CC Exchange Club celebrating 70 years of philanthropy
When most residents want to improve the livability of their city, they seek out solutions by way of city hall, but many never even consider another organization that can help: the exchange club.
This year marks the 70th anniversary of the Culver City Exchange Club, a local organization that is focused on creating a more livable Culver City through its philanthropic work, such as ending child abuse, finding homes for homeless veterans, and helping local students achieve academic success.
John Cohn, a member of the Culver City Exchange Club, said the Club acquired funding to help 13 local homeless vets find homes in the Los Angeles area during Fiscal Year 2017-2018.
Cohn said that the Exchange Club not only helps homeless vets get off the streets, it also goes to great lengths to honor their service and sacrifice as former members of the armed forces. The organization also honors currently serving active duty military.
In fact, Cohn said that for Veterans Day, the Club will feature an event called the Path of Honor, celebrating both former and active duty military by erecting a field of American flags at Veterans Park.
“Our goal is to have between 500 and 1,000 flags, all of which will be sponsored by members of the community in order to honor in remembrance of people who have served or people who are currently serving,” Cohn said. “The purpose is to raise funds to help us continue to fight veterans’ homelessness and provide support for active military families.”
In addition to veteran homelessness, another area of focus is on the issue of child abuse. According to www.verywellmind.com, an online library resource featuring more than 4,000 articles written by more than 100 healthcare professionals and industry experts, such as doctors, therapists, and social workers, one out of every 100 children in the United States was abused in 2015, the most recent year for which they have statistics.
Cohn said that the Exchange Club has worked with and supported the Exchange Club Family Support Center in Downey, Calif. for many years.
“What they do is take both court referrals and professional referrals and they will provide their clients with skills to create an environment where child abuse can be prevented both familial skills, and home managerial skills,” Cohn said.
Although fighting vet homelessness and child abuse are at the forefront of their efforts, the Culver City Exchange Club is also involved in helping kids academically by awarding scholarships to local high school seniors who are preparing to enter college.
“Year after year we provide scholarships [through the Culver Scholarship Foundation] to local students for college,” Cohn said. “This year we awarded 23 scholarships to Culver City High students.”
Cohn said that $23,000 in scholarships was awarded this year, which includes the Youth of the Year and their Ace Award, which is given to young people who have really overcome fiscal, social, and familial challenges in order to get a high school diploma. Many of the scholarship recipients are already set to attend the colleges of their choice including UCLA, UC Santa Barbara, Harvard, and Yale.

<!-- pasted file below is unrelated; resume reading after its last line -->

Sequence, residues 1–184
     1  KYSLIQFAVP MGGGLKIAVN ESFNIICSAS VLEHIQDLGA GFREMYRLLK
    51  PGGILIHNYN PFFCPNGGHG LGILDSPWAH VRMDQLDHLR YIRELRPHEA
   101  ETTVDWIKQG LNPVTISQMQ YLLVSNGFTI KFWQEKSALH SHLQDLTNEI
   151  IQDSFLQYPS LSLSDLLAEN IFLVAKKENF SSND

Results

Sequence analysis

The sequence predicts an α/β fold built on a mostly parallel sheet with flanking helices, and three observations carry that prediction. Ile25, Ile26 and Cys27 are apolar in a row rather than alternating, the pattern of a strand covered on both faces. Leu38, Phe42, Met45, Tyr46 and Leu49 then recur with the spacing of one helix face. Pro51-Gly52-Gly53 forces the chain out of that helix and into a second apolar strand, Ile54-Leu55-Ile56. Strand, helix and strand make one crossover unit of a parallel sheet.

Other activities in which the Exchange Club gets involved include the annual Abilities Carnival, a celebration and support for people with developmental disabilities and their families. Last year, more than 500 people attended the event held annually at the Culver City Senior Center. This year’s event will be held Oct. 12.
The Exchange Club also sponsors the annual car show in Culver City as well as the fireworks show at West LA College, which was canceled this year due to construction on the campus.
Every year in April, the Culver City Exchange Club and the Culver City Rotary Club co-sponsor a first responders luncheon honoring police and fire officers as a way of thanking them for their service.
One other large activity that the Culver City Exchange Club sponsors is called Leadership Culver City, which just graduated its inaugural class. Cohn said that this nine-month course was co-sponsored by the city of Culver City, the Culver City Chamber of Commerce, West LA College, and the Center for Nonprofit Management along with the Exchange Club.
For nine months members of the community were invited to learn skills to develop their own civic engagement and civic literacy. The program had 20 students graduate this year with their ages ranging from the youngest graduate at 23 to the oldest at 78.
“We had retired zoologist, a fire captain, people involved in social media, and people involved in assisting the developmentally disabled,” Cohn said. “This program was an outgrowth of the exchange club strategic plan that we put together nearly three years ago as a way to develop greater social engagement and civic literacy. We provided scholarships for nearly half the students who attended that program.”
Two of the graduates of the program were approved to become part of some local civic commissions while two others recently became delegates to the California Democratic Party.
The Culver City Exchange is a philanthropic organization that works to support the fight against child abuse and is known for hosting or sponsoring well-known civic events such as the Culver City Car Show. Other sponsorships have included the Culver City High School AVPA music program, Culver City Little League, Culver City Youth Health Center, the Culver City Senior Center, Veterans Matter, and the homeless. For more information about the Culver City Exchange Club or if you’d like to become a member, visit www.culvercityexchange.org.